blockbooking.jpgBack in the days of a vertically integrated Hollywood – in which a studio like Paramount would own not just the tools and means of production and distribution, but also enough theaters in enough major cities to ensure that any film could get national play – the studios used a practice called "block booking" to tie independent producers and theater owners in a bind. The studios distributed prints in packages, and in order for an a small-town, locally run picture house to rent a print of a sure-fire hit like Swing Time, for instance, RKO would force them to take (and screen) several films of lesser-quality at the same time. The local theater owners would then usually lose money on the B-films in the package, even as Fred and Ginger were packing them in. Under this system, independent filmmakers couldn't wedge their products into any theater on their own, so they brokered deals wiith the studios, who in turn would use high-quality independent productions to lob off blocks of their own low-budget crap.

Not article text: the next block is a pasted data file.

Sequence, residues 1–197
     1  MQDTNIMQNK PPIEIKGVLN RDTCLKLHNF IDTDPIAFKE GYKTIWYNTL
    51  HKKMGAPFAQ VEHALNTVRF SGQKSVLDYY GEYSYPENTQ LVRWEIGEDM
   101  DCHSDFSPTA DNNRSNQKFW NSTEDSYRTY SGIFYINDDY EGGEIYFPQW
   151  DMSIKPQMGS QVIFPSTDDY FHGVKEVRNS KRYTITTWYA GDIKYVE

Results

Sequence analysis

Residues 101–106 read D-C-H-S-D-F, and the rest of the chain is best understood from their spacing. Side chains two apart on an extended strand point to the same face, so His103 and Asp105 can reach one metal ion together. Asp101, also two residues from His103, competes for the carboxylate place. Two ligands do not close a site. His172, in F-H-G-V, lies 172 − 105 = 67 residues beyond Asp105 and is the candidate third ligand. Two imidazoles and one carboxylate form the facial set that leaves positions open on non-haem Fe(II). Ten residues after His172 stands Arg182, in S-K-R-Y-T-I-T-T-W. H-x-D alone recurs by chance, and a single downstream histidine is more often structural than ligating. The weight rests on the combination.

categories Movies, Cinematical